Frieze London diary: cute bomb dogs and a return to order in the VIP queue


Margate artists bring seaside to Frieze

The Margate takeover of the art world continues apace. Pilar Corrias’s stand is given entirely to prominent local artist Sophie von Hellerman’s all encompassing installation paying tribute to her home town, with paintings, walls and even carpet devoted to all things Margate. But while Hellermann’s Thanet-themed gesamtkunstwerk offers an exuberant scene of whirling carousels, dancing figures, crashing surf and scudding clouds, next door Carl Freedman offers a less wholesome take on the South coast town. Here Lindsey Mendick, a good friend and protégé of Margate’s most famous native, Tracey Emin, has a striking display of her exuberantly dysfunctional ceramics. These works, sitting on plinths decorated with pastel patterns, depict handbags exploding with creepy crawlies and octopus tentacles. The pretty pedestals have a darker side, too—they are apparently blown-up specimens of murky household mould from Mendick’s Margate abode. So much for the healthy properties of sun, sea and sand!

Penny for your thoughts: the cute spaniel is doing her bit to keep visitors to Frieze safe

Heart-melters on a mission

We love our canine pals at The Art Newspaper, which is why we were delighted to run into a throng of doggies known as the Dog Unit outside Frieze London. These marvellous mutts are the “bomb dogs” who are trained to seek out explosives on site. One of the newest recruits to the explosives pack is a delectable doe-eyed puppy called Penny who was keen to get started on her training by darting the aisles, checking out collectors and sniffing around the stands. We understand that the melt-your-heart baby spaniel also has a brother at home called Kenny. Hats off to Penny and Kenny, the super-cute dog siblings.

Damned auto-correct! The label on the Chris Ofili work, with the clearly visible ghost of a typing error

Chris(t) Ofili loses his religion

The art world can be a harsh place; indeed, at the Allied Editions stand at Frieze London, it looked like none other than the son of god had had his career cut short (thanks to a few strokes of Tippex). The label for a work by the UK-based artist Chris Ofili had the vestige of a “T” at the end of Ofili’s first name—the letter having been redacted, but not quite thoroughly enough.

Ofili is no stranger to religious subject matter, of course: his 1996 work The Holy Virgin Mary, featuring elephant dung and images of naked bottoms, sent politicians in New York into a spin when it was exhibited as part of Charles Saatchi’s Sensation exhibition. For the print at Frieze, he has stuck to Greek mythology, with a lively depiction of a satyr in an edition of 125 (price currently £2,800). Not quite the second coming, but still…

Nick Cave (right) was overcome with emotion during his conversation with Gus Casely-Hayford (left)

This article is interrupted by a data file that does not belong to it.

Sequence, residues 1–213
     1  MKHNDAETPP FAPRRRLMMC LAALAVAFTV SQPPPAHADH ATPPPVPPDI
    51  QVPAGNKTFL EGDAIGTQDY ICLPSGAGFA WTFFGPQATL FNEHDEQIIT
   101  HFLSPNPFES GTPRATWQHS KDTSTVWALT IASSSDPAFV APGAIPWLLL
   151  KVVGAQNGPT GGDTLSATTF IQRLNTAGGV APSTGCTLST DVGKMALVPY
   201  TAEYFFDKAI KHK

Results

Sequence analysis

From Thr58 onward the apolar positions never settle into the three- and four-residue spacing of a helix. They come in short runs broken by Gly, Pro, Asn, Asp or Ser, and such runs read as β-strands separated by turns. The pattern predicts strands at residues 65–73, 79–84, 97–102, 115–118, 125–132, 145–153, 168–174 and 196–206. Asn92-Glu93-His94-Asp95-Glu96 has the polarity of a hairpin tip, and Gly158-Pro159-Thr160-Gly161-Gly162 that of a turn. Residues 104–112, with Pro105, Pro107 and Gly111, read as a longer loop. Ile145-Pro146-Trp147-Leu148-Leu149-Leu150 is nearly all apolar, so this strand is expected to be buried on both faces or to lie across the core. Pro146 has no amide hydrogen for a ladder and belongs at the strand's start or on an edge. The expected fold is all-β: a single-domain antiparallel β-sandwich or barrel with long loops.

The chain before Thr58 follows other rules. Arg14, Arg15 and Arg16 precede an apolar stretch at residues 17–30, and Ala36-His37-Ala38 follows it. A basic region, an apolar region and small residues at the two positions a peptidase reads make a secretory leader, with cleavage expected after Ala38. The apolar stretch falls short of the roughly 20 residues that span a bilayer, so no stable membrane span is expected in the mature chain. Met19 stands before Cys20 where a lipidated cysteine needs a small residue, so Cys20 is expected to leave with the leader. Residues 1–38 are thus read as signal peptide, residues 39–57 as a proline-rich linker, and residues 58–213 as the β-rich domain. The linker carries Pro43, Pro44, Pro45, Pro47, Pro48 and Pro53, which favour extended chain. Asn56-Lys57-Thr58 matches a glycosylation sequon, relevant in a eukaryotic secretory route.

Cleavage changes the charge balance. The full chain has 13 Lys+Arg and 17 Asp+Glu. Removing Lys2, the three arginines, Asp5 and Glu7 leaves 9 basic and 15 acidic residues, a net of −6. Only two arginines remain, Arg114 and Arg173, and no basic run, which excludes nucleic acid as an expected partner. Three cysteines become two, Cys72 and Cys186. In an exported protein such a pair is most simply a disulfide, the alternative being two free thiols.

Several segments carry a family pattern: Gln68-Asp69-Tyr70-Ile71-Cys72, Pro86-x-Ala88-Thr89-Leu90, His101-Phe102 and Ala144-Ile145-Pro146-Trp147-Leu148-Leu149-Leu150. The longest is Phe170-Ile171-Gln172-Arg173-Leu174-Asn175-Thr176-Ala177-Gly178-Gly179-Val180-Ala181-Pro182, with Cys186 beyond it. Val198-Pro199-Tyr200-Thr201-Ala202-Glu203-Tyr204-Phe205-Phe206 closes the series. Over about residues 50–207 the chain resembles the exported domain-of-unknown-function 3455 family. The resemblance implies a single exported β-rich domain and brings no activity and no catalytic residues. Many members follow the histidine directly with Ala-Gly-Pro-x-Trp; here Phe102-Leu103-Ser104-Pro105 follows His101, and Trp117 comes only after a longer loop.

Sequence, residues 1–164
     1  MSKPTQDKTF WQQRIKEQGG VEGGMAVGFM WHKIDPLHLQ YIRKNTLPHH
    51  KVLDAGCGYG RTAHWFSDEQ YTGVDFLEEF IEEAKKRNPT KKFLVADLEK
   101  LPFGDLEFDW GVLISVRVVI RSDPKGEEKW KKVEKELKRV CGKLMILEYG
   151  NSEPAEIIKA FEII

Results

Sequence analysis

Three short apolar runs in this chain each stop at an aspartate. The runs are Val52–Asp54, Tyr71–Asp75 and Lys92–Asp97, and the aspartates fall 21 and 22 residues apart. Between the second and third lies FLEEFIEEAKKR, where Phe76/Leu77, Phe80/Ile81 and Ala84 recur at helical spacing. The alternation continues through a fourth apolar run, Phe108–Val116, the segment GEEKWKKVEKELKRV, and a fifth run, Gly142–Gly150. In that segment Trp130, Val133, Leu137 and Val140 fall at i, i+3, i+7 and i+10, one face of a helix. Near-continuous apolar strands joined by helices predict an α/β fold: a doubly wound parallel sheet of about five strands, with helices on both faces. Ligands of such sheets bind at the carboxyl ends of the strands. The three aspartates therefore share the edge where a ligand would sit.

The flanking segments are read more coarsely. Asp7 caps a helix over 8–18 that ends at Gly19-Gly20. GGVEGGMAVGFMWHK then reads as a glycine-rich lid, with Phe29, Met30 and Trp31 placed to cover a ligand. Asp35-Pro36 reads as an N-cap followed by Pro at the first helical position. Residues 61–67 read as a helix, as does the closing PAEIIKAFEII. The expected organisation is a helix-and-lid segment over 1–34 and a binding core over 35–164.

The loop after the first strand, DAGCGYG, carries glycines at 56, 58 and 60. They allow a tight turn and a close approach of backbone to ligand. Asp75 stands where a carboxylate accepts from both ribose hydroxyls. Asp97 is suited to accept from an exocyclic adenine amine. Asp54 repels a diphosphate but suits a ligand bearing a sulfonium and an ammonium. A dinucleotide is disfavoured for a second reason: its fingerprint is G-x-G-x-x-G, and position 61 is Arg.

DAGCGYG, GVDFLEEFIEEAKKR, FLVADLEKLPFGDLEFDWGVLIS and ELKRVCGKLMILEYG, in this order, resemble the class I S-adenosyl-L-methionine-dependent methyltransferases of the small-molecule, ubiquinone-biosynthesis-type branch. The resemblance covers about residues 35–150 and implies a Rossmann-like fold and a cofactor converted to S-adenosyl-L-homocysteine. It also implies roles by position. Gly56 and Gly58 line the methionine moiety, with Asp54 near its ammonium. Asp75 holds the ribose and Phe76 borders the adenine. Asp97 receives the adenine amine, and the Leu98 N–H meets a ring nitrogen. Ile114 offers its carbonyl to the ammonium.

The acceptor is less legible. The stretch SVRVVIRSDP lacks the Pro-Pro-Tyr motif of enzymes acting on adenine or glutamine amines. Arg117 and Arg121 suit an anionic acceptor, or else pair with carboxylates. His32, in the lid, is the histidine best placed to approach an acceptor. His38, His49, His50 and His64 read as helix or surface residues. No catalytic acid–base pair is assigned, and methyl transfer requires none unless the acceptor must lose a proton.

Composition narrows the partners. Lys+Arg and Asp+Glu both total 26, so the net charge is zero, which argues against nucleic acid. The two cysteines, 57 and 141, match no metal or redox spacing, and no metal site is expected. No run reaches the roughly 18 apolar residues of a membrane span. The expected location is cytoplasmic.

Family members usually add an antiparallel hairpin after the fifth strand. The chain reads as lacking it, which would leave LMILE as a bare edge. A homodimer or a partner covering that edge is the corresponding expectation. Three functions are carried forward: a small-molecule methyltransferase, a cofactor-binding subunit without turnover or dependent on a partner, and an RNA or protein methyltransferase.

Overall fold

Art that brings tears to your eyes

Its rare that an artist is moved to tears during a public talk, but last night the Chicago-based artist Nick Cave was visibly affected when, in conversation with V&A East director Gus Casely-Hayford at the Royal Institute, he recalled how he felt when his family first came to his studio see his work. “I didn’t think they understood what I was doing, so for me to see them get it, it was so intense,” he said, wiping his eyes at the memory. There’s certainly intensity aplenty in Cave’s three works currently on show at Holtermann Fine Art, featuring casts of the artist’s body parts, wreaths of metal flowers and a tondo-pelt of vivid bristling metal filaments .

They all use beauty as what he described as a politically- charged “weapon”, to draw us in and churn us up. And while they may all date from this year, they mark a closed chapter: now he is entering a new phase, making what he describes as paintings, but using a needle, not a brush. “Needlepoint, that’s my new painting,” he says. Subversive stitch, indeed.

This year’s queue on opening day had a much more organised two-tier system

Early doors for A-listers

After the queue chaos at Frieze London in 2022, this year’s more orderly system—separated into wave one for the top-tier celebs at 11am, and wave two at 2pm—seemed to go down well with fairgoers at yesterday’s opening. Venturing out into the 2pm throng, we asked a number of visitors how they felt about being ranked below the VVVVVIPs. “Bloody cheek! Seriously, getting in is much better this year,” said an anonymous curator. Another visitor patiently waiting to enter in the afternoon said the extra time allowed him to “shop first, browse museums second and hit the Frieze trail last!” Never use the phrase sloppy seconds again…

The Undercover Gallerist

Anonymous reporting from behind the scenes at the fair

My column is a short one today because—insanely—I’m writing this as the fair opening is in full swing. I just ignored a huge collector from France so I could pen this quickly in the bathroom.

The best moment of the day was when I went for a cigarette after I sold the first big work and witnessed a very glamorous woman throw her mohair jumper in the bin because she was “simply too hot”. I then watched as an artist (not blue chip but quite famous) retrieve said jumper—but sadly, it wascovered in too much cigarette ash to be recovered.

The worst moment of the day—besides the free gallerists boxed lunches—was the sight of sniffer dogs roaming the aisles. It’s unclear if they were part of the pack of bomb dogs outside or if they were here to check nobody was having too much fun. I’m yet to hear what happened if they did in fact find something.

Meanwhile, I’ve paid for the lights in my booth by placing some work—thank god. I need to make more as soon as possible to pay for the daily hoovering and cleaning fees…


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